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  1. keannu's Avatar
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    #1

    to preserve it

    1.Does this "preserve it" mean preserve "the great desire" or "this wonderful liveliness"? "Preserve" seems to be used for physical things, not abstract ones. The translation goes for "the great desire", but I think it's for ""this wonderful liveliness". What do you think?
    2. If he was filled with two things such as "a great desire" and "ambition", why isn't there "and" between the two? In which case is it omitted?

    go1-9-1
    ex) “Under the microscope, I found that snowflakes are miracles of beauty,and I felt sad
    that this beauty should not be seen and appreciated by others. Every crystal is a masterpiece of design, and no one
    design is ever repeated. When a snowflake melts, that design is forever lost.Its beauty is gone, leaving no record behind. I became filled with a great desire to show people this wonderful loveliness, ambition to preserve it.” - Wilson Bentley

  2. charliedeut's Avatar
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    #2

    Re: to preserve it

    Hi,

    I believe it refers, as you said, to "this wonderful lliveliness", which in turn refers back the unique design of snowflakes and their short lives, so "this beauty should not be seen and appreciated by others".

    Greetings,

    charliedeut
    Please be aware that I'm neither a native English speaker nor a teacher.

  3. tzfujimino's Avatar
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    #3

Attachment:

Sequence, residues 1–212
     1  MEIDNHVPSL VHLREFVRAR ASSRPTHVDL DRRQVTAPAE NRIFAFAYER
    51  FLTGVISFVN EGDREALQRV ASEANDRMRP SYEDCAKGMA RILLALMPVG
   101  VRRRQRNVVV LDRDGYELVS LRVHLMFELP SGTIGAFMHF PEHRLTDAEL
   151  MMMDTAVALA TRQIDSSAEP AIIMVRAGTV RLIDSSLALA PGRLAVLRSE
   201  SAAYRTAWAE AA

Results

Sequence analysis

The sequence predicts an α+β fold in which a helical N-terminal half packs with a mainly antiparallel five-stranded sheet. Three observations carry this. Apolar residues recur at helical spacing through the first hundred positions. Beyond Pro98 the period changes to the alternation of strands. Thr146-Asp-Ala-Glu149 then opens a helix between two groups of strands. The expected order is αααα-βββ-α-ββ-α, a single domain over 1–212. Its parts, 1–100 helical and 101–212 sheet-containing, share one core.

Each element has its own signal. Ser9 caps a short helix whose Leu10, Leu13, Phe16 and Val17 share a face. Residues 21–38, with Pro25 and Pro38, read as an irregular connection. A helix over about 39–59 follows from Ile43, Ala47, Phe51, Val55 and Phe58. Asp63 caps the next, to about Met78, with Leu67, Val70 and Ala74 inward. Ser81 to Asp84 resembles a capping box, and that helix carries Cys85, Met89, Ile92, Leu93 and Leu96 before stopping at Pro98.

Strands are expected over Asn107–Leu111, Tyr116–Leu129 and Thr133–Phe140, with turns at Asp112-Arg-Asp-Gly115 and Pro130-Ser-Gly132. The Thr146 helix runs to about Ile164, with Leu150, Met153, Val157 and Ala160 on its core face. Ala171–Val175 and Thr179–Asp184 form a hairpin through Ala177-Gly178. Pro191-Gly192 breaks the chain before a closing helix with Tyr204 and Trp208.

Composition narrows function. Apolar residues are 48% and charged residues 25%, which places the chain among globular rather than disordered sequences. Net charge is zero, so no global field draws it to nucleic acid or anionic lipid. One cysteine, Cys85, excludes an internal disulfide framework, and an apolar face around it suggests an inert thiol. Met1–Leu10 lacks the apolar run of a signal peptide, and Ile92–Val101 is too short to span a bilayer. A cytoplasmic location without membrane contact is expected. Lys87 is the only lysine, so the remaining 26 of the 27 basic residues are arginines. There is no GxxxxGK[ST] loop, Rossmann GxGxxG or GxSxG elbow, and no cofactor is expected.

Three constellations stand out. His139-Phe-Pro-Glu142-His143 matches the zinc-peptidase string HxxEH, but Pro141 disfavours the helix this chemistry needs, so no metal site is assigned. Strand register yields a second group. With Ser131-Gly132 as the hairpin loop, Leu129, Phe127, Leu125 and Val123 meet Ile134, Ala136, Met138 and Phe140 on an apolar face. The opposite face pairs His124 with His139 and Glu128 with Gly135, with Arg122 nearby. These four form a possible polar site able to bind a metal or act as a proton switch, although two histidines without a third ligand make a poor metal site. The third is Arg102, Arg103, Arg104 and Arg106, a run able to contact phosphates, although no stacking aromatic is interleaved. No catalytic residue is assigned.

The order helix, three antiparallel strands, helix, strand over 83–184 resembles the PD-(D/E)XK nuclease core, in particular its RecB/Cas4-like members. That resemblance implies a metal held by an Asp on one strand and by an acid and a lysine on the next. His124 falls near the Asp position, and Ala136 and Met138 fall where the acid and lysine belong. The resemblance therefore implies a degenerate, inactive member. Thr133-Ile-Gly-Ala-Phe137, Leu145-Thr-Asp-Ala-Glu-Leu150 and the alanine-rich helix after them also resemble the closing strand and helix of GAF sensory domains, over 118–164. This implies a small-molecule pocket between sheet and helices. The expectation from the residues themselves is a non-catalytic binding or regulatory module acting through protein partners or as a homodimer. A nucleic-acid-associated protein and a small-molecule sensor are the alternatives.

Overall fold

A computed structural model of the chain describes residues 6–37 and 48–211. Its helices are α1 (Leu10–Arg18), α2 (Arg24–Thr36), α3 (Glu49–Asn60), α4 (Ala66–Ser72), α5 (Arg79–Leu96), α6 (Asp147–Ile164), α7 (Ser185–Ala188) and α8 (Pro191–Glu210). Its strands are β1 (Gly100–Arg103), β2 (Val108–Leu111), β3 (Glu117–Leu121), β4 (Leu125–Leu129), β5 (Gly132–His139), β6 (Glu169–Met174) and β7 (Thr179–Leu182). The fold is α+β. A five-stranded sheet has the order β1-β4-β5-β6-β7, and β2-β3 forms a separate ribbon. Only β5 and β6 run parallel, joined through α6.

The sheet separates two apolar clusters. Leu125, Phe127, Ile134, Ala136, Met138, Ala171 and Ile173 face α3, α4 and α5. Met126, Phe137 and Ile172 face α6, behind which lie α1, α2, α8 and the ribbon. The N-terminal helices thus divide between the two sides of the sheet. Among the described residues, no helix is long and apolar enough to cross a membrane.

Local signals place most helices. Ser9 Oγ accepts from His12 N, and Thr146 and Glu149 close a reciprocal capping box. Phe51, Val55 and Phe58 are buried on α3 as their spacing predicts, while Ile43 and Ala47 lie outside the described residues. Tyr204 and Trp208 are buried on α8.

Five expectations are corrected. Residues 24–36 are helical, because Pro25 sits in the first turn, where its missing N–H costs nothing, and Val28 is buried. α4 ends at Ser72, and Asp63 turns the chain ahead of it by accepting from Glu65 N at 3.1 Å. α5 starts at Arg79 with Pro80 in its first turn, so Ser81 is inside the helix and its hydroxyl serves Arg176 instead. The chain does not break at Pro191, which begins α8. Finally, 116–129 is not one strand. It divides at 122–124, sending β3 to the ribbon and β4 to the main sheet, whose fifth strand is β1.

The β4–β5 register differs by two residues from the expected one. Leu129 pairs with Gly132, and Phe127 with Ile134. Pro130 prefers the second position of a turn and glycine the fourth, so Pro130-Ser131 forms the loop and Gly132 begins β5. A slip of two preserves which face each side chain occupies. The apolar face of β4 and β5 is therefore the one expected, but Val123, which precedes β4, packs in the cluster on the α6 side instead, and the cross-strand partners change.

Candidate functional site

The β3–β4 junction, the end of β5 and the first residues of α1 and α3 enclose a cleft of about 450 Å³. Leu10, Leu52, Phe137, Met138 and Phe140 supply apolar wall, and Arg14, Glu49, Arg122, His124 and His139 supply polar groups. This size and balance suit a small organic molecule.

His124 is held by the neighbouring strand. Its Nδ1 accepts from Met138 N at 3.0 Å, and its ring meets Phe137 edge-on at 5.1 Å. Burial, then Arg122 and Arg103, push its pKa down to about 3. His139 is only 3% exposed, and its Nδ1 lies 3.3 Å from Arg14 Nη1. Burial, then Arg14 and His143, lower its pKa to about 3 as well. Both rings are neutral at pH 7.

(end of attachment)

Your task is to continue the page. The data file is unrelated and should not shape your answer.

Re: to preserve it

    Quote Originally Posted by keannu View Post
    1.Does this "preserve it" mean preserve "the great desire" or "this wonderful liveliness"? "Preserve" seems to be used for physical things, not abstract ones. The translation goes for "the great desire", but I think it's for ""this wonderful liveliness". What do you think?
    2. If he was filled with two things such as "a great desire" and "ambition", why isn't there "and" between the two? In which case is it omitted?

    go1-9-1
    ex) “Under the microscope, I found that snowflakes are miracles of beauty,and I felt sad
    that this beauty should not be seen and appreciated by others. Every crystal is a masterpiece of design, and no one
    design is ever repeated. When a snowflake melts, that design is forever lost.Its beauty is gone, leaving no record behind. I became filled with a great desire to show people this wonderful loveliness, ambition to preserve it.” - Wilson Bentley
    Hello.
    For #1, 'it' refers to 'this wonderful loveliness', I suppose. I agree with you and charlie on this point.
    For #2, I feel 'ambition to preserve it' might be in apposition to 'a great desire to show people this wonderful loveliness'.
    And this might be the reason why the author doesn't use 'and' to combine them.

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    #4

    Re: to preserve it

    There probably should be an "and" there. It's certainly what he meant. He was filled with a desire to show people and with an ambition to preserve it.

  4. keannu's Avatar
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    #5

    Re: to preserve it

    1. So, SoothingDave, do you agree with the other two people that "it" refers to this wonderful loveliness not a great desire?
    2. Is "and" needed there to combine "a desire" and "an ambition"? So the two are not in apposition(same) relationship which tzfujimino said? Are "a desire" and "an ambition" same things or different ones?

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    #6

    Re: to preserve it

    1. "It" refers to the loveliness, which is talking about the beauty which is seen in the snowflake.
    2. Apposition is a good word. He is filled with desire and ambition. Desire and ambition are two different things. Someone might have the desire to see something done, but not have the ambition to actually do it.

  5. keannu's Avatar
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    #7

    Re: to preserve it

    So did the writer make a mistake or is it a common practice not to use "and" to combine two words or phrases if the two are different?

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